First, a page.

We’ve all heard the impending potential doom AI will bring us, whether it’s in the form of AI taking over jobs or the existential risk of superintelligence.

While key players in the technology space are having a very public go at each other’s grasp of AI and its risks, the real risks – and make no mistake, there are real risks – of AI today lie away from the extremes.

The thing is, we’re not at imminent risk of being overtaken by superintelligent AI – but neither should we be laissez-faire when implementing machine learning solutions.

Bias

It may sound strange to call algorithms biased, but that’s exactly what they are. In most cases it’s not explicitly programmed in, but learned from training data. More often than not, the vast amounts of training data that machine learning algorithms require to work well has roots in human behavior, and the very human bias inevitably present in that data is then automatically modelled in, unless extreme care is taken to counter it.

To give just one example of this type of near-invisible bias, take a look at Google Translate. It was recently improved with the addition of Google Neural Machine Translation system, learning from millions of translation examples – examples with baked in bias. In the Turkish language, the personal pronouns are gender neutral, however try translating “O bir doktor. O bir hems ire.” and you will see this type of bias in action.

What’s worse, the inherent bias in algorithms can be worse than in humans. Humans, for the most part, try not to behave in an overtly biased or racist manner partly because there are real-world consequences to doing so. With algorithms, however, there is usually no way to call them out on the bias they display, nor any way to sanction them.

The result is the AI can work to amplify and legitimise biases, or even racist behavior.

In search of Common Sense

Another important risk is giving the machines – or algorithms, if you want to sound less scary – the power to autonomously make decisions in situations that would require human guidance.

Why? Isn’t this – autonomous operation – exactly what we want the machines to do so they can ease our load or take over activities like driving a car?

Not necessarily. Particularly in long-tail scenarios where there is a near-infinite list of individually low probability but collectively likely-to-happen-at-some-point events, giving algorithms autonomous decision powers can backfire badly without humans in the loop.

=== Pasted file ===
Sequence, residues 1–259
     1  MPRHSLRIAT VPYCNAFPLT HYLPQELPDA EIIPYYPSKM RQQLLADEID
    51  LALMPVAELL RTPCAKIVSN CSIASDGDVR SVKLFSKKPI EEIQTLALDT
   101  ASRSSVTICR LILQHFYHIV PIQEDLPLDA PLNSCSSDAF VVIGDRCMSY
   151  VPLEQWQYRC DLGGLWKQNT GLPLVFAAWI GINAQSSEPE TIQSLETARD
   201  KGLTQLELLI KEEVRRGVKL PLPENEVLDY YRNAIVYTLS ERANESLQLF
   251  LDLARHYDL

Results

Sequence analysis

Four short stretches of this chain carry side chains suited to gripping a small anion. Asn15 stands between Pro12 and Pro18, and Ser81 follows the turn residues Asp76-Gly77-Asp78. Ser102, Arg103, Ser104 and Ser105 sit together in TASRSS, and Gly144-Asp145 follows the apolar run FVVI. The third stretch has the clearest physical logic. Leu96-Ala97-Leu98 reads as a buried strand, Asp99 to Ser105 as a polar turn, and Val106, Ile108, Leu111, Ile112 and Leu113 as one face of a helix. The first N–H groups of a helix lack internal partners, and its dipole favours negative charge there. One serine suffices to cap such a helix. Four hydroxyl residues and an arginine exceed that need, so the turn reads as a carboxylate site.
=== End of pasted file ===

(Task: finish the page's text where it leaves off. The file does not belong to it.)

Machine learning systems do not handle situations very well that are very dissimilar to what they have encountered in the training data, whereas common sense allows humans to usually successfully navigate such situations. If you expect common sense-behavior from such a system, you’re asking for trouble.

To illustrate, a human driver will over the years of driving face a number of unexpected events we are never explicitly trained for – what to do when the headlights fail at night? When the traffic lights stay red forever? When a passenger tries to climb out of the window? When we’re surrounded by carjackers? When a sandstorm or a snowstorm causes visibility to drop to zero?

And if that “natural long tail” isn’t difficult enough to manage, consider the unnatural long tail – mischievous or downright malicious events that autonomous cars will not be prepared for can easily be imagined, ad infinitum. How do they react if a hacked V2X system gives conflicting data on whether the traffic light is green vs what it really shows? What happens when someone throws a human-shaped cardboard figure on the road? Or sprinkles lidar-confusing metal confetti?

“I don’t like to break rules, but I do like them all bendy”

On the positive side, think of the last time you received exceptional customer service.

Chances are it might have involved the customer service person bending, or possibly even breaking, some of the guidelines and rules imposed on them, doing something they “were not supposed to do”. Encoding empathetic discretion or determining the morality of an action is something AI cannot do today.

Despite the hype, machine learning systems of today are not intelligent the way people are, and we are nowhere near to developing so-called GOFAI (Good Old-Fashioned AI), a “mind” that would be capable of human-style intelligent reasoning and understanding.

The current crop of machine learning systems can be taught to behave in a mostly predictable and well-performing manner under normal circumstances. But how will the systems behave when the training fails them?

If any rule bending is required for a good experience, chances are that process cannot be modelled well and automated in a satisfactory manner.

As lucrative as the efficiencies of fully automating a decision-requiring system are, we must understand the failure behavior, and never leave AI systems unsupervised to autonomously make decisions that could have serious real-world consequences.

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